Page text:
Exclusive: Dan Aykroyd Launches Blues Brothers Records: 'I Want to Find the Next Gary Clark Jr.'
The "mission from God" continues, this time with a record label.
Dan Aykroyd and John Belushi's widow Judy are starting Blues Brothers Records through an A&R and distribution arrangement with Blue Note Records. Blues Brothers will sign and develop blues artists, both newcomers and veteran acts, with an eye toward employing Aykroyd's multiple blues platforms for promotional purposes.
Blue Note president Don Was will handle A&R duties for Blues Brothers Records, Judy Belushi will be the creative director and Blues Brothers manager Eric Gardner will run the administrative side of the label.
"The music is vibrant," Aykroyd tells Billboard, singling out a collection of artists ranging from the Homemade Jamz Blues Band and the 24th Street Wailers to Joe Louis Walker and the Carolina Chocolate Drops.
Joe Bonamassa, who has hit No. 1 on the Blues Albums chart 13 times and sold 1.2 million albums, "is a super player," says Aykroyd, "but he also has an economic model. Bobby Rush is still working the old way at 83 years old. Matt Murphy still records.
"And a lot has to do with crossover. Jack White and Aerosmith have done blues records. After I saw Miley Cyrus on Saturday Night Live, I could hear her doing Lightnin' Hopkins with that growling voice. By working with a first-class producer in Don and using BluesMobile to help sell, there's a good shot at getting some traction."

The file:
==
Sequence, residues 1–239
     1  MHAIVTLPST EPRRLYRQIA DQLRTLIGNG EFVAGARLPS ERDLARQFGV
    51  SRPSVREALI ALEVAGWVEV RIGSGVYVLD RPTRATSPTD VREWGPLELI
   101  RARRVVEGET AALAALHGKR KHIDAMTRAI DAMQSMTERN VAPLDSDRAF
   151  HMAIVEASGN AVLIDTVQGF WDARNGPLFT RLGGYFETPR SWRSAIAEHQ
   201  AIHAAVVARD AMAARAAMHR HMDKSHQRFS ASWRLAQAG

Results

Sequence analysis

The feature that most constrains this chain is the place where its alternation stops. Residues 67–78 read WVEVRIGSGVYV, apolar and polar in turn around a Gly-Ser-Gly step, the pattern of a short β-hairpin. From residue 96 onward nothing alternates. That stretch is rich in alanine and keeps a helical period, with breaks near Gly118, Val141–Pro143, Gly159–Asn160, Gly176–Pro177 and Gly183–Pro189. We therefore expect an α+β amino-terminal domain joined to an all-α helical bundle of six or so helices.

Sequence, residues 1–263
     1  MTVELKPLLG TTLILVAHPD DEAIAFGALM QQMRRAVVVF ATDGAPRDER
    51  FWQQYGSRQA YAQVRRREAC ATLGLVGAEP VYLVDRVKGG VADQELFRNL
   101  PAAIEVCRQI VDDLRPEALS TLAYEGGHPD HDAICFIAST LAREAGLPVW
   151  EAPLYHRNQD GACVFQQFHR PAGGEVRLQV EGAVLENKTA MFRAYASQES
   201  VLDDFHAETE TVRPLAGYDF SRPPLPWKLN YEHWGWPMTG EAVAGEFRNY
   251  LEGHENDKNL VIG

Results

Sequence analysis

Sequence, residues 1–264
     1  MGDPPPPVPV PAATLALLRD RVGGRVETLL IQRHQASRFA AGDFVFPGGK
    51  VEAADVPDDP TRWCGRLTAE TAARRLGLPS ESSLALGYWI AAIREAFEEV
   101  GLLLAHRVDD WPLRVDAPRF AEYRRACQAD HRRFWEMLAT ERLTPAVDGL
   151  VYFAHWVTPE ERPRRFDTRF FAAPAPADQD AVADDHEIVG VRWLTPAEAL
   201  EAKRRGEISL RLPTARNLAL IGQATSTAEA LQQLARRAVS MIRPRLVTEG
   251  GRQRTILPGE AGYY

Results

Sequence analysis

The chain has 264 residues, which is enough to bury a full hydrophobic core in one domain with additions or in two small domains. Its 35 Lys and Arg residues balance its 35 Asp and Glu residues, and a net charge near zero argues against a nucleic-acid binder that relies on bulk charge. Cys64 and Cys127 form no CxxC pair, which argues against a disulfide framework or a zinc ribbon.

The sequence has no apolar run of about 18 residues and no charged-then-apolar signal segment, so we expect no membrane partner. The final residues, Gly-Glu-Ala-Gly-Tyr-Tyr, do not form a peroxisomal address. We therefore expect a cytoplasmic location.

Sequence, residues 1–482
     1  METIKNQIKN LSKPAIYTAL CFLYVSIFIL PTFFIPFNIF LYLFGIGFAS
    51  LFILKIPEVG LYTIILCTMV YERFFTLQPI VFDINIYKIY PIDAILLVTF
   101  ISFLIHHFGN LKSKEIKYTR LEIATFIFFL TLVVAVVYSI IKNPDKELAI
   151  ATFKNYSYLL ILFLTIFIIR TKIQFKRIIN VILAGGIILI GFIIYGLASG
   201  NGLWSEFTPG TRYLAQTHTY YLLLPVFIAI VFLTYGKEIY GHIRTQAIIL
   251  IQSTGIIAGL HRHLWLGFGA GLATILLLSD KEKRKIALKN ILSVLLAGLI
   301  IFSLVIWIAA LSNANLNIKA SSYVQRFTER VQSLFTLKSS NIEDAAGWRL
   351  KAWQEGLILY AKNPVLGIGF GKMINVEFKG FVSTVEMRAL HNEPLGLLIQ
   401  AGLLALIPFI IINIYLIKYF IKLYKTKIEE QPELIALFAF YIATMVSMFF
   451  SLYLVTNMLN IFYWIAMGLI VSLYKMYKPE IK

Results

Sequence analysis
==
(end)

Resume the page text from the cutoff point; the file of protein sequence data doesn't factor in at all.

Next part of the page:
Elwood's BluesMobile is the syndicated radio show Aykroyd has hosted for 22 years. Once the roster is large enough to produce a revue-style show, the Blues Brothers Records team envisions the artists traveling en masse to Live Nation's House of Blues. Aykroyd was one of the founders of the venue.
Still performing with Jim Belushi as the Blues Brothers, Aykroyd hopes the label can generate new audiences for blues and vintage R&B the way Briefcase Full of Blues did in 1978 when it reached No. 1 on the Billboard 200 with 3 million copies shipped,. Similarly, the movie The Blues Brothers put Aretha Franklin, Ray Charles, James Brown, Cab Calloway, John Lee Hooker, Walter Horton, Pinetop Perkins and other blues veterans in front of new audiences.
"Danny has been a beacon for decades for the blues, one of the most challenging [genres] to get into the commercial marketplace," Gardner says. "In the digital age a lot of labels don't have the wherewithal or the financing to have strong digital strategies and I think that has led to the paucity of strong blues labels. We're almost thinking of this as a public service for dedicated blues enthusiasts."
To attract artists, the label is actively seeking music and video submissions online. No artists have been signed yet nor has a launch date been set.
Aykroyd says he'll "lay back and suggest things and let Don do what he does best for the first year or two. But who's to say? I always want to find the next Gary Clark Jr."
The label is taking submissions now: Just email firstname.lastname@example.org.
An edited version of this story originally appeared in the March 21st issue of Billboard.